Three workshops will be held to help growers, industry representatives, local food coordinators, extension staff and county horticulturists learn to manage common challenges in high tunnels while also discussing new advances in high tunnel production.
Iowa State University faculty and small-scale food operation experts will present a half-day, livestream workshop Feb. 12 for entrepreneurs who want to turn their gardening/agricultural and cooking/food production interests into small businesses.
ISU Extension and Outreach will host five food safety and Iowa regulation training sessions to help producers – home food operations and home bakers – better comply with the state of Iowa regulations.
Beef producers and agri-business professionals will learn about changes rapidly occurring in the beef industry at the Feedlot Forum 2018 at the Terrace View Event Center in Sioux Center on Jan. 16.
Pork producers are invited to attend either of two workshops focusing on advanced swine reproductive management topics scheduled for mid-December in northeast and northwest Iowa. Iowa State University Extension and Outreach, Iowa Pork Industry Center and Iowa Pork Producers Association are sponsoring the seminars in Waverly and Le Mars.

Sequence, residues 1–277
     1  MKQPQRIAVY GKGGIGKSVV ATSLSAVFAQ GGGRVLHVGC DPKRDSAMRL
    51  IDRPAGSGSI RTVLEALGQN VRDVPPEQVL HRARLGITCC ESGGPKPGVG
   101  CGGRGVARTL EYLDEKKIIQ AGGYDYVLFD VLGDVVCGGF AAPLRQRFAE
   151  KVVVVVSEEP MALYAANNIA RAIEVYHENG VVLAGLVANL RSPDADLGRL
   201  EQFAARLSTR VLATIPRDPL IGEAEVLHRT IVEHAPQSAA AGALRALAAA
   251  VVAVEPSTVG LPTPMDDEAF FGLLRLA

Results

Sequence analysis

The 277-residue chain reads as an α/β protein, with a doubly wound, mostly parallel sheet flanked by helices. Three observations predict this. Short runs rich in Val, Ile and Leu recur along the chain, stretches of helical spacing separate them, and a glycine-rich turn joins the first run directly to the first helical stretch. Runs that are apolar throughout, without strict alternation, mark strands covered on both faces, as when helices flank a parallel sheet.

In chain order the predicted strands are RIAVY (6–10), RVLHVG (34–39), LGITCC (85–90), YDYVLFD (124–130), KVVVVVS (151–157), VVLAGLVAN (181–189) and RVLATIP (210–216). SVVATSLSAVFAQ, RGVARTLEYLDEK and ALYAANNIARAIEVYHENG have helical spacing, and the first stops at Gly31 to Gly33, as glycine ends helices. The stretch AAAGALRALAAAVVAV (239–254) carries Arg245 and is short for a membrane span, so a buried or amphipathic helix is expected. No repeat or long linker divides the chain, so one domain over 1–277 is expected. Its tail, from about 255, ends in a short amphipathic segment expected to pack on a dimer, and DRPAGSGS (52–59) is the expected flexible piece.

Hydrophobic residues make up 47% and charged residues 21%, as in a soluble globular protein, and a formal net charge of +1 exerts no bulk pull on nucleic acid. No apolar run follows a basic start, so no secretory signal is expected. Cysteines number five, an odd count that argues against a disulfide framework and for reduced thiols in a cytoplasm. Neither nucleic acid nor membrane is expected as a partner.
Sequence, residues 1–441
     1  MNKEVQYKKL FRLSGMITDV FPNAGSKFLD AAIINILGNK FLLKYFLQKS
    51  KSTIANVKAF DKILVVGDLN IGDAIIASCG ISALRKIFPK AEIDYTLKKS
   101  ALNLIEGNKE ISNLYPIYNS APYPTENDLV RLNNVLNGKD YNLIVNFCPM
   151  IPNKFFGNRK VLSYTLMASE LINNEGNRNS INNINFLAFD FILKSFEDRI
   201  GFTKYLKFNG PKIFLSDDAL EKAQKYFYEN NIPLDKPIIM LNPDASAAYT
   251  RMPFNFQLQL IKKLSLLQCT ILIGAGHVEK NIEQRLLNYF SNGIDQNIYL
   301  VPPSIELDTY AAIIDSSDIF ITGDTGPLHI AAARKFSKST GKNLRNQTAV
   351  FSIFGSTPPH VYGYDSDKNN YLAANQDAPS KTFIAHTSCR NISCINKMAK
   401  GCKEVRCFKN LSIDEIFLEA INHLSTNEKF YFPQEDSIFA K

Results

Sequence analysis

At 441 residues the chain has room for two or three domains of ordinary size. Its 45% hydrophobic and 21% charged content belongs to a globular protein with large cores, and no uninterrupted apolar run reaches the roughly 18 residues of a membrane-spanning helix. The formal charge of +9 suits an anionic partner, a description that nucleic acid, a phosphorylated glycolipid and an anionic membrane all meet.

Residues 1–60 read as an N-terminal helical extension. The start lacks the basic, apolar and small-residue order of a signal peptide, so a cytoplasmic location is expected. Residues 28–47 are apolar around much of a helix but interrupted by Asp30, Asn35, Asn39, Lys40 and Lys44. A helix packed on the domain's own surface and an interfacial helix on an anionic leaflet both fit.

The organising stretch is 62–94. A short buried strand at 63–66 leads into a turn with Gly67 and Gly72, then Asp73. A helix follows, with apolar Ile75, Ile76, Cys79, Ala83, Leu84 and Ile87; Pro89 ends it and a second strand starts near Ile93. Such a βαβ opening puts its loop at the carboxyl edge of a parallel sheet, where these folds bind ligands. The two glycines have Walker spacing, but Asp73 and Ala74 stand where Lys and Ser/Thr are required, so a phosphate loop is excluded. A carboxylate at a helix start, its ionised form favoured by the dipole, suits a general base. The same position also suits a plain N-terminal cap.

A training course to become a Food Safety Preventative Controls Alliance designated Preventative Controls Qualified Individual will be held in Ames, Iowa from Jan. 9-11.
Iowa State University Extension and Outreach will offer "Boots in the Barn," a new program for female beef and dairy producers, in northeast Iowa starting in January.
Iowa cow-calf producers will have five opportunities during November to learn about reproductive efficiency and investigate a new approach to managing heifers. ISU Extension and Outreach beef specialist Patrick Wall said the meetings set for Nov. 17-21 will cover selecting the right genetics, right heifer and right bull to achieve individual herd goals.
High tunnels are inexpensive, passive solar structures that are designed to extend the growing season and intensify production. While relatively new to agriculture in the United States, high tunnels can increase profits for producers when properly managed.
Due to a combination of temperature and humidity last fall, producers need to be aware of the high risk of blue eye mold, a fungus that grows on corn kernels.